Audits as Signals
AbstractA broad array of law enforcement strategies, from income tax to bank regulation, involve self-reporting by regulated agents and auditing of some fraction of the reports by the regulating bureau. Standard models of self-reporting strategies assume that although bureaus only have estimates of the of an agent's type, agents know the ability of bureaus to detect their misreports. We relax this assumption, and posit that agents only have an estimate of the auditing capabilities of bureaus. Enriching the model to allow two-sided private information changes the behavior of bureaus. A bureau that is weak at auditing, may wish to mimic a bureau that is strong. Strong bureaus may be able to signal their capabilities, but at a cost. We explore the pooling, separating, and semi-separating equilibria that result, and the policy implications. Important possible outcomes are that a cap on penalties increases compliance, audit hit rates are not informative of the quality of bureau behavior, and by mimicking strong bureaus even weak bureaus can induce compliance.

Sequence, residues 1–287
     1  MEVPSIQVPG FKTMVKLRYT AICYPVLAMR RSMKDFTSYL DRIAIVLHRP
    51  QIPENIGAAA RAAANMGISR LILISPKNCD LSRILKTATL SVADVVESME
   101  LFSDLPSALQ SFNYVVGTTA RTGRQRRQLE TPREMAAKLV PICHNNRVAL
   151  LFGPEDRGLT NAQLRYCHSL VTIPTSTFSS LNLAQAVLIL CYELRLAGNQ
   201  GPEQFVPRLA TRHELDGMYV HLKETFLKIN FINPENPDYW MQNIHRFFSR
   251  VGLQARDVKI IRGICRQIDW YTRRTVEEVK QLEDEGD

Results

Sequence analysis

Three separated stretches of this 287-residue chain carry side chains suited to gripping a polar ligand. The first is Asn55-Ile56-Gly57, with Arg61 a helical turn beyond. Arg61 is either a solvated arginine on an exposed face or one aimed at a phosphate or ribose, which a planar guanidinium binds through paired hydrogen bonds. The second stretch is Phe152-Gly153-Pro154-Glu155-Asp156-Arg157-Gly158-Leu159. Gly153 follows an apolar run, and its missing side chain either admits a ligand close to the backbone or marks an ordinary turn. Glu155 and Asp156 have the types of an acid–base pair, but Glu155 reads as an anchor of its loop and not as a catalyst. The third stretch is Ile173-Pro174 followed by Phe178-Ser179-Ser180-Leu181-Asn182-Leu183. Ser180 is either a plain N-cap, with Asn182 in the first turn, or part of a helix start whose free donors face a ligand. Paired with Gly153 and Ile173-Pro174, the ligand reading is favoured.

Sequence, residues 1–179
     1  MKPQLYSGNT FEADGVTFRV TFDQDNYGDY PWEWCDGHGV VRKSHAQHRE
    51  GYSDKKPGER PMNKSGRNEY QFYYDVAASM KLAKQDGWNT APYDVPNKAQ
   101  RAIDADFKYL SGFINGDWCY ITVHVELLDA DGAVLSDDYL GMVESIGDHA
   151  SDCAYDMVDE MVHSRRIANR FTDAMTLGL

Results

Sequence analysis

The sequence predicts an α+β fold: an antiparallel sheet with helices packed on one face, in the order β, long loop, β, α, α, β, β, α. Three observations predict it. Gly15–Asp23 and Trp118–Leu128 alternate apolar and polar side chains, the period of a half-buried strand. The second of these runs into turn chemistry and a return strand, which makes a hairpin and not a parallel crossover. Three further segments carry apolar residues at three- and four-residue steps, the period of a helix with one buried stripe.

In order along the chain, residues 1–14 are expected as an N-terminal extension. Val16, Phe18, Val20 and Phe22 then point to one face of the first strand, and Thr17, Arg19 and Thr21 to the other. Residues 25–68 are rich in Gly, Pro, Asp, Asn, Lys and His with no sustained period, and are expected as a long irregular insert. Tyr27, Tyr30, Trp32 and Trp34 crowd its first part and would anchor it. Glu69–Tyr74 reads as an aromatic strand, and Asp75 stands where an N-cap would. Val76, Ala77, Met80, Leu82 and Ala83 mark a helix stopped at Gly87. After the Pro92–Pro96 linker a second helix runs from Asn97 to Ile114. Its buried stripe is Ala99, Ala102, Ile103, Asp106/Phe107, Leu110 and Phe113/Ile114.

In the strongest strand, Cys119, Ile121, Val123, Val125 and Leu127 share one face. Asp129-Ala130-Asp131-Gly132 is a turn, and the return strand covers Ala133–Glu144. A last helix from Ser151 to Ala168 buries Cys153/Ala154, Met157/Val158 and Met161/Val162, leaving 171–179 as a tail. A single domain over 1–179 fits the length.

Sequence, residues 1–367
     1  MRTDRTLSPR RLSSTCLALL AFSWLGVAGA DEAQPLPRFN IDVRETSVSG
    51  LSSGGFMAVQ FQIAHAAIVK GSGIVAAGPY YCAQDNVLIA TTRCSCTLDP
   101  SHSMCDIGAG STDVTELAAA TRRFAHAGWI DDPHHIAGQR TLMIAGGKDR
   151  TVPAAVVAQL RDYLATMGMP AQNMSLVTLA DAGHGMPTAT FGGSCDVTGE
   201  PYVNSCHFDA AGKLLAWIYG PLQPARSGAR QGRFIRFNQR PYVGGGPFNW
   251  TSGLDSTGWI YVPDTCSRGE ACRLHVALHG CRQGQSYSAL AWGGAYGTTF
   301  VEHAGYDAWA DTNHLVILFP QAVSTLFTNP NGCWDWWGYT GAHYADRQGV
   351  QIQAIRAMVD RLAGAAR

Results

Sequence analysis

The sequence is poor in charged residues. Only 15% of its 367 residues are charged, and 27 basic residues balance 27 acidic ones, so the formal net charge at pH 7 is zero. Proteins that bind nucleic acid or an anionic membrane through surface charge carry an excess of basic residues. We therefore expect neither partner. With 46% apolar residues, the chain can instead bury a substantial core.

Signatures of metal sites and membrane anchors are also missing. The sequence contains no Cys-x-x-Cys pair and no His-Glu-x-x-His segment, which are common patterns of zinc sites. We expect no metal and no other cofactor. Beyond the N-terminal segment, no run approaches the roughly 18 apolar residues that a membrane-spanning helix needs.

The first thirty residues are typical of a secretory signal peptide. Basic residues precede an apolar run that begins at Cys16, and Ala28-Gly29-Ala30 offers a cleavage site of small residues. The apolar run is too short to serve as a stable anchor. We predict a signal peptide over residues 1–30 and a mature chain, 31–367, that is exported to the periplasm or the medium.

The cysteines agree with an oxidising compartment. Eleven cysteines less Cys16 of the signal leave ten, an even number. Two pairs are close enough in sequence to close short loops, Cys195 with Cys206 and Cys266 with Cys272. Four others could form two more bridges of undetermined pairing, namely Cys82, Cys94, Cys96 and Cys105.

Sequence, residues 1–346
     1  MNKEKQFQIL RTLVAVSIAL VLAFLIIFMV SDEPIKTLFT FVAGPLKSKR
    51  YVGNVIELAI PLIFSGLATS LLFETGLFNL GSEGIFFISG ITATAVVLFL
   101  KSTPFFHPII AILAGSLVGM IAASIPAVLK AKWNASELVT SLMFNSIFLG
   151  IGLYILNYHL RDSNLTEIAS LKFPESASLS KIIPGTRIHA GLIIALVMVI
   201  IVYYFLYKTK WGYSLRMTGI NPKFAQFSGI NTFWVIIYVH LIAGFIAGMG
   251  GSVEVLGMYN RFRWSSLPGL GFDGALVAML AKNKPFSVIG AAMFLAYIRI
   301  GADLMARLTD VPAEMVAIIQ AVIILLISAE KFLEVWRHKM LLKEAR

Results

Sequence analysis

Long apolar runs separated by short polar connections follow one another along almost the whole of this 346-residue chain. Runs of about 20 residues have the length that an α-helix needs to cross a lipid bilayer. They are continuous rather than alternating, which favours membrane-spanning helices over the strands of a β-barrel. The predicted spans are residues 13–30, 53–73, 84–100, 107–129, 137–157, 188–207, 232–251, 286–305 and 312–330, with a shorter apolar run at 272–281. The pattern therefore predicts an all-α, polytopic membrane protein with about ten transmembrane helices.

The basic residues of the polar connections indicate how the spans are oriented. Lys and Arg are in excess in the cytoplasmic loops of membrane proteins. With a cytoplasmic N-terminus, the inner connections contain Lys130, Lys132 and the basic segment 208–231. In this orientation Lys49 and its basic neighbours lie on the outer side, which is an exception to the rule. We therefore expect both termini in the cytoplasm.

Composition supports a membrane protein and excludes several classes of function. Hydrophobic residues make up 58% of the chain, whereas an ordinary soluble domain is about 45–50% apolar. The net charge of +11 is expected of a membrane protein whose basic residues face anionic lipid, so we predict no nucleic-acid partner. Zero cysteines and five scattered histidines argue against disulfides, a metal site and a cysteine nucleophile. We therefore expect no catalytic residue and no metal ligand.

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Bibliographic InfoPaper provided by Harvard University, John F. Kennedy School of Government in its series Working Paper Series with number rwp2013-026.
Date of creation: Sep 2013
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This paper has been announced in the following NEP Reports:
- NEP-ACC-2013-10-18 (Accounting & Auditing)
- NEP-ALL-2013-10-18 (All new papers)
- NEP-CTA-2013-10-18 (Contract Theory & Applications)
- NEP-IUE-2013-10-18 (Informal & Underground Economics)
- NEP-MIC-2013-10-18 (Microeconomics)
- NEP-REG-2013-10-18 (Regulation)
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